In my “spare” time, I have been assisting Dr Morton’s practice, where Julie is employed, with their email addresses and and website. Both are now operational.
The following weekend started badly on Friday when the fridge decided that it was not going to work. Where it normally hangs around 5 degrees C, it was up around 15. So on the way home, we detoured via the secure storage place in Queanbeyan and collected the big esky and a few bags of ice. Once home, we turned the outside fridge on full, so that it could act as the freezer, and transferred everything to “outside”. By Saturday night, we had somehow (still don’t really know how) coerced the fridge to start working again and by Sunday morning, it was back down to about 2 degrees, with the freezer compartment feeling suitably cold. We’ve thrown some food out, but all in all, we’ve done OK.
After our neighbour Wolfgang kindly came over to cut some of our grass, I checked out the ride-on mower in the shed and discovered that all it needed was a jump start for the battery, so it has now been used to keep our area trimmed short, as well as me using it to cut the grass in other parts of the property. Trouble is, every now and then it just stops, and every time it does, I have to go back to where I parked the Zook and bring it over for another jump start. By early afternoon, I gave up on that and I’ll buy an inexpensive battery for it and do some more when the weather is good.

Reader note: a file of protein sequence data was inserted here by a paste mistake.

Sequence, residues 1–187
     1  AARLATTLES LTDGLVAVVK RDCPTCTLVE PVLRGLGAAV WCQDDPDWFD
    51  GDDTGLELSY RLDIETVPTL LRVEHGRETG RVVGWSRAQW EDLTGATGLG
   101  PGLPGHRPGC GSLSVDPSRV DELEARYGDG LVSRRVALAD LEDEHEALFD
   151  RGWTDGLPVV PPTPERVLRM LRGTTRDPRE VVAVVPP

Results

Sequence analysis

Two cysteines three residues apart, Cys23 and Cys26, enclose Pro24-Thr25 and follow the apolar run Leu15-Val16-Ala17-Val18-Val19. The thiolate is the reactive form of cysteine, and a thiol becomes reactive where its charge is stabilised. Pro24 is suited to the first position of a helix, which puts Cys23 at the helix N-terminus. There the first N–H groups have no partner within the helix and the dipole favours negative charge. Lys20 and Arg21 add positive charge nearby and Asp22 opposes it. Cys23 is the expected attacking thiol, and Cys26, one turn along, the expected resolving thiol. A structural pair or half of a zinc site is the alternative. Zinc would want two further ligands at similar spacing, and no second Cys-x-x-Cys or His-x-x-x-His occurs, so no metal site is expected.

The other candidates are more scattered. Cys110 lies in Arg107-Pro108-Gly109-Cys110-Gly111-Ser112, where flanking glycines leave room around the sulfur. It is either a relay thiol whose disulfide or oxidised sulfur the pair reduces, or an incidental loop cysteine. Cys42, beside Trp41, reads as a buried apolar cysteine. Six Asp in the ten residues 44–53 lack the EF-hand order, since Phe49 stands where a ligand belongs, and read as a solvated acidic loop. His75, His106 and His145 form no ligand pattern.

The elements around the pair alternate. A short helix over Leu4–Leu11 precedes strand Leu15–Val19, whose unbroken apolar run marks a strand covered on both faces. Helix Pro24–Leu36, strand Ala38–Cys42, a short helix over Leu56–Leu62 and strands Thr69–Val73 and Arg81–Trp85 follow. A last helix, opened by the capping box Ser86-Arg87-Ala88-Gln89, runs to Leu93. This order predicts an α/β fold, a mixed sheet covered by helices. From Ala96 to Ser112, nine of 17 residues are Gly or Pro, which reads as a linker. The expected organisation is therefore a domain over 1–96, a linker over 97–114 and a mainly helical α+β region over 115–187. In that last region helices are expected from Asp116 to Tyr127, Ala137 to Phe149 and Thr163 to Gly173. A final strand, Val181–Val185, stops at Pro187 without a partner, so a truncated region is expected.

Update: I did buy a battery, and the next day, I was sitting in the bus doing stuff when I heard a roar and there was the property owner heading out of the shed on the mower! He comes in via the door at the back of the shed and I don’t see him. Even our “vicious” guard didn’t alert me. Anyway, he cut the house lawns so that the gardeners could see what they needed to do, and left. So I went down and had a chat with them, finally found where he had left the mower and did some more. That lasted all of about 10 minutes before I threw a belt and the mower stopped cutting. Long story short, I brought it back to the shed, got the belt back on, found that it had stretched, and the owner asked me to drop it off at the lawnmower repair man’s place. Haven’t seen it since.
Oh, and we had the Queen here too. Much excitement in the Melbourne Fiddaman household, when Kiana was selected to present a posy of flowers to the Queen. We have a very small picture of her with the red carpet behind her.